This piece is an accompaniment to a fiery LinkedIn post I wrote yesterday.
I used to think that the chief enemies of philosophy were bullshit and deception. Bullshit because, as Harry Frankfurt in On Bullshit argues, it shows a complete unconcern, or lack of care, for truth. The bullshitter advances whatever will make the ruse efficacious, so that he appears to know what he is talking about and that appearing suffices for him to win the day. As I put it elsewhere, he’s skilled at using whatever is at hand–be it half-truths, confabulations, cock and bull stories, chumminess, statistics, faux-neuroscience–to “pull things off.”
Deception is a more recognizable enemy. If philosophy teaches us to care for the truth, then deception, just insofar as it seeks to mislead us, is a genuine opponent to philosophizing. The more we deceive others, deceive ourselves, or are deceived in turn, the less we’re in contact with the truth.
Only recently, though, did it strike me that bullshitting and deception aren’t the chief enemies of philosophy. Total Work is. Let me explain.
In Leisure: The Basis of Culture, the German philosopher Josef Pieper foretold a time when “total work” would come to pass, a time when, as I see it, our lives would revolve around work, working, and–most important for my purposes–work-thoughts and work-feelings. To say that our entire lives would be wrapped up in work is to make a profound understatement.
The man in private equity working 80-120 hours per week when in the midst of finalizing a big deal. The female executive in Silicon Valley working at least 60 hours, not counting all the work from home she does. These are far cries from the late philosopher Bertrand Russell’s proposal, published in 1935, for a maximum four hours of work each day. The longer story of how we got here would need to begin with the Bourgeois Revolution. Such a history would seek to illuminate (i) the advent and then hegemony of commercial society together with (ii) the radical transvaluation of values leading to a newfound affirmation of the realm of production (work) and reproduction (the intimate sphere of the family). Today I simply wish to compare “total work” with philosophy.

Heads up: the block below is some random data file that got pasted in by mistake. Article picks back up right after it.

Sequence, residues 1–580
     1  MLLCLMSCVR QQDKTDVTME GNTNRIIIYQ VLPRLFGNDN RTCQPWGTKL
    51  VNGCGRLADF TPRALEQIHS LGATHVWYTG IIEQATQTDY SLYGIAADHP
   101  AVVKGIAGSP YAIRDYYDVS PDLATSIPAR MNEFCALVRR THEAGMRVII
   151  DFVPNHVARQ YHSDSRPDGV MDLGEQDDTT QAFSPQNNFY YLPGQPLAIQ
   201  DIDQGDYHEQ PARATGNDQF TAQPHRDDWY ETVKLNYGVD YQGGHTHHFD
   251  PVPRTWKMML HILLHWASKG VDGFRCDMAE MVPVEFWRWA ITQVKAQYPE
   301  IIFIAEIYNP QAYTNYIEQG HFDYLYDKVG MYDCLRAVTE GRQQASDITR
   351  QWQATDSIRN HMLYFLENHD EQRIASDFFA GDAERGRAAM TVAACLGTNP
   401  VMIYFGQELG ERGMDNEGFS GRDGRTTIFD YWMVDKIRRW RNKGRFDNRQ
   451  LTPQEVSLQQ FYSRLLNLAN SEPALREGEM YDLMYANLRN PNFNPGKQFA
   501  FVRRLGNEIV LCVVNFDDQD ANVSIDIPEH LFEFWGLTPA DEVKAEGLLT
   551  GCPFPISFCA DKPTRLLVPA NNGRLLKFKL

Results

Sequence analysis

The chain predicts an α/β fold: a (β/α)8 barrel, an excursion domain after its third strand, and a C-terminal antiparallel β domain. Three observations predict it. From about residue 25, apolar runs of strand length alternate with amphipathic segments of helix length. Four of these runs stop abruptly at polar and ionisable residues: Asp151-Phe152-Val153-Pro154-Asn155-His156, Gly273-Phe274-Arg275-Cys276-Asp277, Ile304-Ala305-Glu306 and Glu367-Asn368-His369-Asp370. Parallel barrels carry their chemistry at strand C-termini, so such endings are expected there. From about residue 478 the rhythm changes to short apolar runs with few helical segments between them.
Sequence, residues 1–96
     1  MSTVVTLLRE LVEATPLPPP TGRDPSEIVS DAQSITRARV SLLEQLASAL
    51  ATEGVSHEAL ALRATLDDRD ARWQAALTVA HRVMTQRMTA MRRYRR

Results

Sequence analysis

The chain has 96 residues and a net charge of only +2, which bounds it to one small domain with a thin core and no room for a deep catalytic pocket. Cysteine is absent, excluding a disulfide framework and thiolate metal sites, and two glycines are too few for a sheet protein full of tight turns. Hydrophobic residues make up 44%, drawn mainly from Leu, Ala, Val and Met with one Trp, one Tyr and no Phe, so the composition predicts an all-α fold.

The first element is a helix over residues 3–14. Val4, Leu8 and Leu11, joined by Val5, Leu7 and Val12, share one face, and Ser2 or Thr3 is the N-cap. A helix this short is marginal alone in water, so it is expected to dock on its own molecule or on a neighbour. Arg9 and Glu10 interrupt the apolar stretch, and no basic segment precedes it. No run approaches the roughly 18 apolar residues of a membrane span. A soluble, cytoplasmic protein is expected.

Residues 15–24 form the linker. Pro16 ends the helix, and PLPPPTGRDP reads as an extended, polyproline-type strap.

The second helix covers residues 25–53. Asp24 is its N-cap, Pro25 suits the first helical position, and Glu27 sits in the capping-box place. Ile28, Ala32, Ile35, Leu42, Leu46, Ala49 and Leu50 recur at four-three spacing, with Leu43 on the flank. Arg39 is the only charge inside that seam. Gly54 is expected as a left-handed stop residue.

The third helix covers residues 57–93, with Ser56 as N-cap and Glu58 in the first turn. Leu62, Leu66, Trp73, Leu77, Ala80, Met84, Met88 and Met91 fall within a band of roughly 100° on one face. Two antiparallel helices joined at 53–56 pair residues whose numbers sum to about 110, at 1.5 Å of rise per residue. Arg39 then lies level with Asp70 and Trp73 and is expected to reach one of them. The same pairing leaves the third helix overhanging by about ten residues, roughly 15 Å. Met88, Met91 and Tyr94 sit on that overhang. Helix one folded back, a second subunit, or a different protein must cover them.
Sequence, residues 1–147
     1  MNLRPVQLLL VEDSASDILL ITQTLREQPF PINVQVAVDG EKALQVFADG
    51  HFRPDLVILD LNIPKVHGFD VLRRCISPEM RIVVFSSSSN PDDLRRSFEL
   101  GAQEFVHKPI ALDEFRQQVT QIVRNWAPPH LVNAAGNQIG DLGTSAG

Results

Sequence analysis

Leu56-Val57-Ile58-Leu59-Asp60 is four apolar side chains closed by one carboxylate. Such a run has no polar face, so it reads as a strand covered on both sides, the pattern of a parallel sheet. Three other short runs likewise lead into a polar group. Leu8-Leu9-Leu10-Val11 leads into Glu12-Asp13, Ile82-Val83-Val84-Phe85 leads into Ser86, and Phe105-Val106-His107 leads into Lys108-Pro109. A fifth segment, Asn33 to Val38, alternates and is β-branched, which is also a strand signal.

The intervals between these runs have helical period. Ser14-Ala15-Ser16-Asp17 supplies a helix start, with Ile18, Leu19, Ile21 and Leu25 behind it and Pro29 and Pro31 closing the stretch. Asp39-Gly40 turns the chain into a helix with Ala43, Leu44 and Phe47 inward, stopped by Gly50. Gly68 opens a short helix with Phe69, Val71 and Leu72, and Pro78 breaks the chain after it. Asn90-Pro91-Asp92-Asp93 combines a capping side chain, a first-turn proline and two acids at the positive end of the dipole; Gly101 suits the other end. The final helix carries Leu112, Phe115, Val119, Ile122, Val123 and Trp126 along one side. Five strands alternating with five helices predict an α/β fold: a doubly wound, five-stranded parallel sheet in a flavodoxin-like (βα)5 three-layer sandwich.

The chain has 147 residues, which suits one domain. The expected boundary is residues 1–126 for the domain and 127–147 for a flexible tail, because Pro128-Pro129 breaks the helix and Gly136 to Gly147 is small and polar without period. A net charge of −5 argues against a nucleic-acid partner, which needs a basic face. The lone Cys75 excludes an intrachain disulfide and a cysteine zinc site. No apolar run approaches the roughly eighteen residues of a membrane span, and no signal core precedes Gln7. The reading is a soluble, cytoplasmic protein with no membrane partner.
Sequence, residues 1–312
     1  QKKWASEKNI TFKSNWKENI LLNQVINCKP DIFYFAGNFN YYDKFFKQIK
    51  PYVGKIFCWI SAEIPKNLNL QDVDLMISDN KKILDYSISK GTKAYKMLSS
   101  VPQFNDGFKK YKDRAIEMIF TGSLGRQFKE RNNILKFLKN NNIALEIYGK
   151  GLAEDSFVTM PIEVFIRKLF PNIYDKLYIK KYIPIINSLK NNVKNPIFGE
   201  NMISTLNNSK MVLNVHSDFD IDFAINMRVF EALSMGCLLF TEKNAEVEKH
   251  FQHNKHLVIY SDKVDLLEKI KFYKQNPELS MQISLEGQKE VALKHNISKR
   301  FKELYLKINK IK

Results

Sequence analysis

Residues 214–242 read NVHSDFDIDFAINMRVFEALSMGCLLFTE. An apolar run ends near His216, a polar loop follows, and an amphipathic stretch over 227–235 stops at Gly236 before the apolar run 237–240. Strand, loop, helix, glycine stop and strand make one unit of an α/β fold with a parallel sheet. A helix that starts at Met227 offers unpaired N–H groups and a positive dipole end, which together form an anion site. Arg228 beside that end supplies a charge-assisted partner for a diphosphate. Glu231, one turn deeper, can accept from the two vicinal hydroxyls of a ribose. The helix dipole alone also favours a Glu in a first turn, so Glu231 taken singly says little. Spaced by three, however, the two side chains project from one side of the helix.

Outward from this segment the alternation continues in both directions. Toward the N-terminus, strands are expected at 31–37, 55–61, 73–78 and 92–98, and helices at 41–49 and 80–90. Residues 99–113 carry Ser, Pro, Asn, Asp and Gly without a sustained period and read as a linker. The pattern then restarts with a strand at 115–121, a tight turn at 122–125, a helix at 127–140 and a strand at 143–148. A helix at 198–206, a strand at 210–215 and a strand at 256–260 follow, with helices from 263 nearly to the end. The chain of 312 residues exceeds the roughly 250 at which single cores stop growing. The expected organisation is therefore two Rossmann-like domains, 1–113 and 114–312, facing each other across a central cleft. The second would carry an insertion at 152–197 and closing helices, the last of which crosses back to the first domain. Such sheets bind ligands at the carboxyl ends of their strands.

Total work is always on the clock. Ever behind, always in a rush toward, or just behind, an approaching, encroaching deadline. Philosophy occurs when clock time falls away. It seeks to put us in the presence of eternity.
Total work assumes that the logic of the market must penetrate into all aspects of life. A man a cofounder and I interviewed yesterday asserted unequivocally his view that all human relationships are transactional. Philosophy denies the logic of the market, opening up a space defined by the gift.
Total work is the latest, and most potent, assertion that the vita activa is first, last, and everything. Philosophy is one such proponent of the view that the vita contemplativa must come first. It is out of thought (whether considered or, later on, spontaneous thought) that good action arises.
Total work is solipsistic. The entire world, it believes, turns around it. It is so wrapped up in itself that there can, in its eyes, be no other. Philosophy privileges the two, even more so the other who speaks. Philosophy opens up time, eternal time, for the other.
Total work is ferociously hegemonic. As I wrote yesterday,
- The Centrality thesis [the view that total work is that around which everything else in life turns] goes hand in hand with work’s imperial colonization of the rest of our lives. For instance, it’s nearly impossible to think of what is not work without thinking (a) of not-work in work-derived terms (I rest from work; I have a weekend; I am taking a short break from work; I am taking time off from work; I spend time away from work; etc.) or (b) of what is non-work in working terms (“Oh, I have X number of tasks to do on Sunday.” “We need to work on our relationship.” “I’ve been very busy during this holiday.” “We got a lot done on Sunday.”)
Philosophy, like art, welcomes new concepts, fresh perspectives. It doesn’t wish to get bogged down in one way of seeing. Indeed, philosophy is especially focused on changing our perspective on the world and in this it is like art at its best.
Total work denies thought–specifically, thought about First and Last Things. Philosophy embraces thought.
I see that while these points and counterpoints bring out their differences, this approach fails to reveal why total work is such a horrible monster. So, let me come to the heart of the matter. Total work utterly and completely refuses the most basic metaphysical assumption that I believe is true: that life in general and human life in particular is a mystery. Carelessly does total work destroy, even before it begins, the very possibility of questioning what we most basically, fundamentally, ultimately care about. The horrible consequence is that, falling prey to total work, we can live our entire lives without ever having investigated why we’re here. I’m saying that our blind embrace of total work is the culprit, and I’m struck by how modern American culture is one. big. delusion.